ANCIENT POTTERY. An antique dealer friend suggested that I collect antique pottery. In that same meeting, he offered me to take home antique jars and some excavated Oriental ceramics. I declined the offer for the reason that pottery can easily brake when mishandled.
The Museum of the Filipino People exhibits a fine collection of pre-colonial jars and pottery from Palawan, Cagayan Valley, Batangas, and Mindanao. The centerpiece of the museum’s ancient jar collection is the Manunggul Jar. Visual artist Isagani Fuentes has painted on canvas this impressive sculptural piece with two human figures on a boat carved on its lid and many other familiar pre-historic artifacts in his first one-man show at the Avellana Art Gallery.
POTTERY ON CANVAS. Isagani’s main subjects showcase our nation’s rich pre-historic heritage. Archeological findings have indicated that the use of terra cota bowls and jars for domestic use and as ritual pieces was extensive around the country as early as the 8th millennium B.C. All pre-colonial pottery was shaped by hand. Excavated shards show surface decorations of incised lines and scrolls.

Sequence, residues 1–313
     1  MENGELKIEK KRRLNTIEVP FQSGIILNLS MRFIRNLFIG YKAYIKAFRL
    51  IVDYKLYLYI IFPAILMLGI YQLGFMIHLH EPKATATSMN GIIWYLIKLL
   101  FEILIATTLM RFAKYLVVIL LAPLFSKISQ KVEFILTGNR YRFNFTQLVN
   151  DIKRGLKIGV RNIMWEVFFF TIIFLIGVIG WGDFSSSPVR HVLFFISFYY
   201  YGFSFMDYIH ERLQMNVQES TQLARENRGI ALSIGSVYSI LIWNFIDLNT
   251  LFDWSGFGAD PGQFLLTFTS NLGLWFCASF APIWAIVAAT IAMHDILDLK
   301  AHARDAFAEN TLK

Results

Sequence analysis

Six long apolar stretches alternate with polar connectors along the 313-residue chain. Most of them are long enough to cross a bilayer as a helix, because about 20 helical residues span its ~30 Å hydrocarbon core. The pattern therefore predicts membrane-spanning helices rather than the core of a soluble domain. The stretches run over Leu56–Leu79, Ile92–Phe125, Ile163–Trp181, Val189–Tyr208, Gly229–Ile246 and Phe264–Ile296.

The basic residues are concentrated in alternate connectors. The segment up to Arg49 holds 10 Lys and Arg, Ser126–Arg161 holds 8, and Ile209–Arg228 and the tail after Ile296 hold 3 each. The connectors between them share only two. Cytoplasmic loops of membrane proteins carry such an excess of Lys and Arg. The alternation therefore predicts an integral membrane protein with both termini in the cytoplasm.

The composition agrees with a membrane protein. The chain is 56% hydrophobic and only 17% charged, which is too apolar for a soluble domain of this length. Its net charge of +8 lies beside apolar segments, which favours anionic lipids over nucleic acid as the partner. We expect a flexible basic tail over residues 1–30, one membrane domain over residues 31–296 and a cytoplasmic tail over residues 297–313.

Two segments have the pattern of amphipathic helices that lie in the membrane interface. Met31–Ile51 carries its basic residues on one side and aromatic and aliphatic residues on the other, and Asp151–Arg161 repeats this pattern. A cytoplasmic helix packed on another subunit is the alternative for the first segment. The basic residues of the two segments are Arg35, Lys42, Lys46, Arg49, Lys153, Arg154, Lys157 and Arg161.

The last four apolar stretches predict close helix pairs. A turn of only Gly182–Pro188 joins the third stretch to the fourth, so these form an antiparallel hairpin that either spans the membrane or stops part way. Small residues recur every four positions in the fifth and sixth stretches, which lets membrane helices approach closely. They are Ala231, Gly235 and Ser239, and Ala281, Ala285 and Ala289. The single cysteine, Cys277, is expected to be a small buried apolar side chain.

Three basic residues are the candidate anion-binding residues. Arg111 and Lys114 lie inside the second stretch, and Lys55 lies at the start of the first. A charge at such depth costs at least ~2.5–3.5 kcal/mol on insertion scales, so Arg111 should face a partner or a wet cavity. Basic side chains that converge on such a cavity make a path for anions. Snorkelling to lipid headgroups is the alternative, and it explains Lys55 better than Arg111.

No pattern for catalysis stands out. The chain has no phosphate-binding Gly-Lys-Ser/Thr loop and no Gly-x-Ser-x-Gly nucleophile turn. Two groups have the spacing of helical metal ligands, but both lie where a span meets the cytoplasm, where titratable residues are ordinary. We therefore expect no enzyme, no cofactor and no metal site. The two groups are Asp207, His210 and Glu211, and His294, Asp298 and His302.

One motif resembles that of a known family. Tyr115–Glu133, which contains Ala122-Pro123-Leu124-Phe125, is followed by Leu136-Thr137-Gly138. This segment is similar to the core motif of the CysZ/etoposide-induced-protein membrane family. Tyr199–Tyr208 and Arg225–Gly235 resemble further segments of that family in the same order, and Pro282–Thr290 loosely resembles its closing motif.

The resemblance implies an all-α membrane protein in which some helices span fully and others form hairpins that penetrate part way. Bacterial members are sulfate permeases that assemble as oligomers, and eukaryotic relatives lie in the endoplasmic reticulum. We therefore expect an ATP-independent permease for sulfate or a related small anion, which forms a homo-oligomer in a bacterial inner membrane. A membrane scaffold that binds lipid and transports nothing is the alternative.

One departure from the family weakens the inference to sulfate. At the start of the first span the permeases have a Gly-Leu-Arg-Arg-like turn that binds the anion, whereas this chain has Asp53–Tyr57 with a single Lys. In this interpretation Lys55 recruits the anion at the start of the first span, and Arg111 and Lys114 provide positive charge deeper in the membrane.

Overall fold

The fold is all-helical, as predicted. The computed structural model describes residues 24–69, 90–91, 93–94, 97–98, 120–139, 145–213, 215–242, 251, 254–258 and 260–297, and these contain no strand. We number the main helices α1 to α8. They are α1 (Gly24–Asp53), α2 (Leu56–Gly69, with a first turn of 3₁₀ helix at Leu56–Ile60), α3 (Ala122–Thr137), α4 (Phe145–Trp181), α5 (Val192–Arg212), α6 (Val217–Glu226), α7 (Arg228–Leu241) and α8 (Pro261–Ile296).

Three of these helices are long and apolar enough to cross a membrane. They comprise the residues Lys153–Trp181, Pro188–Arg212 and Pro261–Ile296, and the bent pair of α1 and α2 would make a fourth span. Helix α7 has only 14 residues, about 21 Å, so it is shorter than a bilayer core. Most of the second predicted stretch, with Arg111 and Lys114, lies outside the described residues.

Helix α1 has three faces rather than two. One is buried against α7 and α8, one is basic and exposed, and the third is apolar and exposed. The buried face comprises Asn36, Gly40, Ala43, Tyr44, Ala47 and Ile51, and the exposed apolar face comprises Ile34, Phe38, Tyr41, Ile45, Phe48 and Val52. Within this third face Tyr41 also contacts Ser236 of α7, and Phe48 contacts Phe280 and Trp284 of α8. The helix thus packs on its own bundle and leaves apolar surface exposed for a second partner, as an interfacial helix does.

Most distinct were the burial jars with human and animal forms. Burial jars reveal the practice of pre-historic Filipinos of exhuming the bones of the dead and storing them in earthenware. These jars remain intact in burial caves for hundreds of centuries.
BURIAL JARS. The Maitum burial jars excavated from the Ayub Cave in Saranggani Province were dated to the 5BC to 370 AD. These anthromorphic potteries have lids that were carved as human heads with distinct facial features. Each of the jars are said to be a representative of the deceased, making each jar unique.
ISAGANI’S ART. Isagani painted these celebrated museum pieces on large canvas. He applied drips and splash marks to give the jars its natural texture. The jars are set inside grids of vertical and horizontal lines and earth tones as background. The overall composition of Isagani’s paintings is a blending of traditional subjects, in this case pre-colonial artifacts with contemporary style.
EPILOGUE. Now, do I want to own ancient pottery? Sure. For as long as it is an ancient pottery painted on canvas like in the contemporary paintings of Isagani Fuentes.
*Isagani Fuentes solo-exhibit runs from July 28 to August 15, 2012 at the Avellana Art Gallery, 2680 FB Harrison St., Pasay City. For information call 833.83.57.